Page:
The World Bank Report on the response to rising food insecurity has indicated that domestic food price inflation remains high around the world.

Information from the latest month between January 2023 and April 2023 for which food price inflation data are available shows high inflation in most low- and middle-income countries, with inflation higher than 5% in 64.7% of low-income countries, 81.4% of lower-middle-income countries, and 84% of upper-middle-income countries and many experiencing double-digit inflation; 78.6% of high-income countries are experiencing high food price inflation.

The most-affected countries are in Africa, North America, Latin America, South Asia, Europe, and Central Asia.

The agricultural, cereal, and export price indices closed 1%, 4%, and 1% higher, respectively, than two weeks ago. Maize, wheat, and rice prices all increased in the last two weeks, with prices closing 2%, 7%, and 4% higher, respectively. On a year-on-year basis, maize and wheat prices are 22% and 41% lower, respectively, while rice prices are 14% higher. Maize prices are 15% higher than in January 2021, while wheat and rice prices are at the same level. (See “pink sheet” data for agricultural commodity and food commodity prices indices, updated monthly.)

The May 2023 edition of the AMIS Market Monitor highlights that, after three consecutive years of La Niña, which brought bumper crops for some countries and crop failures for others, it is likely that the world is heading into an El Niño pattern, with a 62% chance of development during May to July, a 75% chance between June and August, and an 80% chance during the rest of the year. If El Niño materializes, depending on its strength, average to above-average rain could occur in Central Asia, southern North America, southeast South America, southern Europe, eastern and southern East Africa, and southern and eastern China. Drier-than-average conditions could occur in Central America, the Caribbean, parts of western and northern East Africa, northern South America, southern Africa, India, Northern China, and Australia. In general, El Niño will affect agricultural production on more than 25% of global cropland, slightly increasing global mean soybean yields and slightly decreasing global mean maize, rice, and wheat yields.

The 2023 edition of the Global Report on Food Crises, an annual report from the Global Network Against Food Crises, provides regional summaries of food crises that occurred in 2022. Globally, the number of people in GRFC countries and territories facing acute food insecurity increased to 257.8 million in 2022 from 192.8 million in 2021 and has more than doubled since 2016, albeit with data coming from a larger group of countries.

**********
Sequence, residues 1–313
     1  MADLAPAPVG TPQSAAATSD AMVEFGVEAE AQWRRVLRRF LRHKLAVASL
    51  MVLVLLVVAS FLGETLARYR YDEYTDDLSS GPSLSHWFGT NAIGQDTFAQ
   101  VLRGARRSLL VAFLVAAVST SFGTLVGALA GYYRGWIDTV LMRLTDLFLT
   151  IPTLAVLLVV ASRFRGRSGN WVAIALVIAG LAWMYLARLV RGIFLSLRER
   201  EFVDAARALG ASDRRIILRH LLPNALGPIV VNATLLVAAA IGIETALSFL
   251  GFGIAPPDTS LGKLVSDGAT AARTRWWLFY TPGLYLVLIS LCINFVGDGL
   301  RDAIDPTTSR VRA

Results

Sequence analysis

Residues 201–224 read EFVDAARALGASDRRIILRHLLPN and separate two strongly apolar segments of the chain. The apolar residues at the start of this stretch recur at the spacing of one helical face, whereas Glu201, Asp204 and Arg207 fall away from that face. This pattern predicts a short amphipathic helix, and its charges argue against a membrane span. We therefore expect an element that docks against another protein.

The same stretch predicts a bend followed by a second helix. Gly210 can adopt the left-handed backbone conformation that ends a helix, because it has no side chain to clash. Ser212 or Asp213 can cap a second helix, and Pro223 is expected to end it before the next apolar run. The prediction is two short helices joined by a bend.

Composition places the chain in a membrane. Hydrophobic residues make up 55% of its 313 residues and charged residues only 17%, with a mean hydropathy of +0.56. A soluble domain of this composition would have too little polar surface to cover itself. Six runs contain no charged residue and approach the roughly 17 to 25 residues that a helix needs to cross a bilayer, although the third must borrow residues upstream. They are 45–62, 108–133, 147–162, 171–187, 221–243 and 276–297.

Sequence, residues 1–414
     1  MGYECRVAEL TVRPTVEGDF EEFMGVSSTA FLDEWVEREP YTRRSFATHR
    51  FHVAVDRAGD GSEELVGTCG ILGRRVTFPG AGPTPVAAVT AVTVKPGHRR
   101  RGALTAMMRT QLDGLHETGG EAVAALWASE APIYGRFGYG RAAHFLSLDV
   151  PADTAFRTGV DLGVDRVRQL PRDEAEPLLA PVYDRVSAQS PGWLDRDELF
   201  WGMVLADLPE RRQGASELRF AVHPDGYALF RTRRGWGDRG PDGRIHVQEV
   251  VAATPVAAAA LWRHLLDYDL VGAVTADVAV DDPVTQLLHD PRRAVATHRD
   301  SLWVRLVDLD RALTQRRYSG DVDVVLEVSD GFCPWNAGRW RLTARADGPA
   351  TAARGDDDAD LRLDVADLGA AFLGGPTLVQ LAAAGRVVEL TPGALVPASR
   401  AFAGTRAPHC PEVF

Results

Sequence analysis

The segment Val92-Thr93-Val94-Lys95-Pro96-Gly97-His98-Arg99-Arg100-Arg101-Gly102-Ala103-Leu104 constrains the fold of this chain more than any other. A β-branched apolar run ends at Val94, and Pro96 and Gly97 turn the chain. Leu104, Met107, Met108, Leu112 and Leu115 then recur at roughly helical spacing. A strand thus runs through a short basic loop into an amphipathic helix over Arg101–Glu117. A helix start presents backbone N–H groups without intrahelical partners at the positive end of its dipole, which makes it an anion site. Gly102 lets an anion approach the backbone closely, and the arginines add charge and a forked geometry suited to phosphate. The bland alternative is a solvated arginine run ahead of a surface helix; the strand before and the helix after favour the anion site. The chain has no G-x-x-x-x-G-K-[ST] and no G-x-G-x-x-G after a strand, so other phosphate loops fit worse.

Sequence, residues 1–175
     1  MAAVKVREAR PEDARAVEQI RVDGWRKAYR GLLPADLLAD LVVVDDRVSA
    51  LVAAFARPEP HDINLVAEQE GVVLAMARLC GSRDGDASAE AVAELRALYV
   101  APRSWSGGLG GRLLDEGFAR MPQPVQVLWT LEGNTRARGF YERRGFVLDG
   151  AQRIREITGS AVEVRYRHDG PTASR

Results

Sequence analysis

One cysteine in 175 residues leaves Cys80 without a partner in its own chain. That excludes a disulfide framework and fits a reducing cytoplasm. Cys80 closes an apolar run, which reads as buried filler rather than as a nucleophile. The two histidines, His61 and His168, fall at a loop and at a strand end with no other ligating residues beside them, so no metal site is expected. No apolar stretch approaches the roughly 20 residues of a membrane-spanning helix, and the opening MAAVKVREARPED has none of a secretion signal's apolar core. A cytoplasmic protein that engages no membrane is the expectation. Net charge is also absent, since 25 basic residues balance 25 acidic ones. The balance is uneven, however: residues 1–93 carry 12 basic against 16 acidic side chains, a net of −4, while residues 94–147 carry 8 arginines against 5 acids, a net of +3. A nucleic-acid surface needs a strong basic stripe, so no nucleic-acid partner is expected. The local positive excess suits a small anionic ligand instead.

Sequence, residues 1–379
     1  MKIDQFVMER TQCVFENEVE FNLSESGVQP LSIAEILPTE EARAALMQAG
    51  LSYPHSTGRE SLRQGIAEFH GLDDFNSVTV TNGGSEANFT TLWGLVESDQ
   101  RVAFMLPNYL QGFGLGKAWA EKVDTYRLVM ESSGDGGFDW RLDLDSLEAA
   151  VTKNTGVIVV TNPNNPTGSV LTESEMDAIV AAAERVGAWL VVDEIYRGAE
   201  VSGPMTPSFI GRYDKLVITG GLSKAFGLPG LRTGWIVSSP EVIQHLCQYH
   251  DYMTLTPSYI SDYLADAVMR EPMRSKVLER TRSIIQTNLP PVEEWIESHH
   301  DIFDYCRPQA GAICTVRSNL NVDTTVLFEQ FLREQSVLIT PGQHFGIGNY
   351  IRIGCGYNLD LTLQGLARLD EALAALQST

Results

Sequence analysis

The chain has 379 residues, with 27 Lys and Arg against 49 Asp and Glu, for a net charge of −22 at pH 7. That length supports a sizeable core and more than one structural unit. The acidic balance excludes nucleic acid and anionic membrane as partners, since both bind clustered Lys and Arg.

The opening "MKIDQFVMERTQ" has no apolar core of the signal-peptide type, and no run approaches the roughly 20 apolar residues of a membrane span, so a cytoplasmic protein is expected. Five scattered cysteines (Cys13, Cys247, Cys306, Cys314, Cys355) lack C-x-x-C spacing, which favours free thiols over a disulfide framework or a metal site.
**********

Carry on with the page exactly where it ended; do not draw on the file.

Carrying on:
The percentage of the analyzed population in IPC/CH Phase 3 or above or equivalent has also increased each year, doubling from 11.3% in 2016 to 22.7% in 2022. The causes of this increase are complex and interlinked, with conflicts, national and global economic shocks, and weather extremes acting as interrelated, mutually reinforcing drivers of acute food insecurity and hunger. Of these primary drivers, conflict and insecurity remain the most important, with the GRFC indicating that, by the end of 2022, there were an estimated 53.2 million internally displaced people, mainly displaced by conflict, in 25 food-crisis countries.

The World Food Programme (WFP) reported that up to 19 million Sudanese (41% of the population) were struggling to find one meal per day, up from 15 million last year. It is likely that the violence in Sudan will have large impacts on regional food insecurity, with roughly 100,000 people having fled to neighboring countries in recent weeks. This could rise to as many as 800,000 as the conflict continues. Before the conflict, food insecurity was projected to worsen in Sudan, with most of the population in IPC Phase 4 (Emergency) concentrated near the borders with neighboring countries.

Following Russia’s invasion of Ukraine, trade-related policies imposed by countries have surged. The global food crisis has been partially made worse by the growing number of food trade restrictions put in place by countries with a goal of increasing domestic supply and reducing prices. As of March 13, 2023, 21 countries have implemented 27 food export bans, and 10 have implemented 14 export-limiting measures.